On the pitching side of the ledger, the whispers are soft, but getting louder. Gavin Floyd, who would just be finishing his junior year in college, may soon make his major league debut as a staring pitcher with the Phils. With recent injuries to Vicente Padilla and Randy Wolf coupled with the failure of Hancock in Atlanta, the Phils are looking for a short-term solution to their staring pitching dearth.

It appears that they are giving serious consideration to promoting Floyd, if but for only a start or two. As previously mentioned, I speculated that the recall of Ramirez presented a significant shift in philosophy within the Phillie organization. Long known as a conservative organization, ill at ease with quick promotions of young farm hands, the Phils may be changing their ways. If so, it makes good sense to see what Floyd can do at the big league level.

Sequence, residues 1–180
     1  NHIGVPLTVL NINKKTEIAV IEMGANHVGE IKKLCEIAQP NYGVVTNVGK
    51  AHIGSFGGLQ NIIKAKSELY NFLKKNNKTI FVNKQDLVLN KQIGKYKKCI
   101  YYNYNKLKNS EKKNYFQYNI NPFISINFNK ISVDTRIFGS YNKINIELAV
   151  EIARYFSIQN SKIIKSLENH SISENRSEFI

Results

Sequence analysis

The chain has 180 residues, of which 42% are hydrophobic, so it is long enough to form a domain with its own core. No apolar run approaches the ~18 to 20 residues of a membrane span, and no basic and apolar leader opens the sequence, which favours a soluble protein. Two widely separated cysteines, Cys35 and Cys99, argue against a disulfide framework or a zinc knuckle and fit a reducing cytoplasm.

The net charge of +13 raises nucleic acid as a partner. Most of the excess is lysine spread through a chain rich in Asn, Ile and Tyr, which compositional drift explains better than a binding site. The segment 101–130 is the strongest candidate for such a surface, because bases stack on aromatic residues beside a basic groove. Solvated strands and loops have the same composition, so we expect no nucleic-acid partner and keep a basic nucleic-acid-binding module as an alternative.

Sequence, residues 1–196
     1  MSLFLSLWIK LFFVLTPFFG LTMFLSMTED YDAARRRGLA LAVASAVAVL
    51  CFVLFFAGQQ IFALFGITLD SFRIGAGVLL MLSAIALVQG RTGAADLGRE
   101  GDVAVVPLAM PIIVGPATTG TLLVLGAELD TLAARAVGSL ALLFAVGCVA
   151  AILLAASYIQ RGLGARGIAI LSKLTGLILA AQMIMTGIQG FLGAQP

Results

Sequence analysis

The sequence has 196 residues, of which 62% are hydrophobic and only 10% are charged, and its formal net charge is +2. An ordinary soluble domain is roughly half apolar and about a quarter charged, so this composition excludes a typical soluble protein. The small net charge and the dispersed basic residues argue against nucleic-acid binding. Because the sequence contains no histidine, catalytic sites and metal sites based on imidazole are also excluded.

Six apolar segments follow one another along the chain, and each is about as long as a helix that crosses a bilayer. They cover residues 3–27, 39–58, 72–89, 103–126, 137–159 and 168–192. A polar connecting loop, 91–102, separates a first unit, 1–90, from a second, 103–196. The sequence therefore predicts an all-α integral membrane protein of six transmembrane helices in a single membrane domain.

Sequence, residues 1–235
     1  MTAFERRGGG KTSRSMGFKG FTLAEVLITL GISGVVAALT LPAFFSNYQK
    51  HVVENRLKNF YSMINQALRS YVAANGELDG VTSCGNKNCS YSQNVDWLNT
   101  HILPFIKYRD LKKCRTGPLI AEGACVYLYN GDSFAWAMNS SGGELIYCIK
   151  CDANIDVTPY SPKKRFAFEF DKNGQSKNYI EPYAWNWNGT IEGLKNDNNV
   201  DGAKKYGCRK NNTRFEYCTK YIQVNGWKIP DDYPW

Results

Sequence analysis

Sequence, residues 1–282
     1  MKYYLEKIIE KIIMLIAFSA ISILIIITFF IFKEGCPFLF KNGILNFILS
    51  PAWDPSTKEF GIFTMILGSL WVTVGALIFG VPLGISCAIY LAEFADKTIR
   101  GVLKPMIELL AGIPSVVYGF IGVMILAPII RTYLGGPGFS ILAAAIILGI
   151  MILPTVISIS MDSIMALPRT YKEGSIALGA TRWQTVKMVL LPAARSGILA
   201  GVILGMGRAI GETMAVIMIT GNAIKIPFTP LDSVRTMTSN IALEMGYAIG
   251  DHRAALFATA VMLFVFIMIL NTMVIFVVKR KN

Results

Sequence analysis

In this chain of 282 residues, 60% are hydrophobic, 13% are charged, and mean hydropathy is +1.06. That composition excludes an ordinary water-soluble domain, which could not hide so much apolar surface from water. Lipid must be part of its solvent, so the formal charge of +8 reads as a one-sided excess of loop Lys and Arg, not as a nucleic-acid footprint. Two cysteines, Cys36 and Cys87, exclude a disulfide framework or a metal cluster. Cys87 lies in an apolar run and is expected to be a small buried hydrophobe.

Many long time Phillie watchers have felt that the team was keeping Floyd under wraps, so enamored of his talents and skill level were they. It was almost as if they felt if they ever truly set him free to throw all his pitches, or truly show his potential devastating stuff, that he might either injure himself, or fail completely.

Yet this is a youngster who often appears as a man among boys when he is on his game, and history shows that real talent is seldom deterred by early failure at the big league level. Expect to see Floyd on the hill with the Phils soon, if not within the next few weeks, then certainly within the next few months.

If Floyd makes his big league debut soon, can lefty phenom Cole Hamels be far behind? Not if his first four starts at Clearwater are any indication! Again, much like Floyd, Hamels appears as a man among boys, not so much for his 1-0 record and 1.13 ERA, but for his 24 strikeouts in but 16 innings of pitching. Remember, this league that Hamels is now dominating is the very same league from which Ramirez was recalled.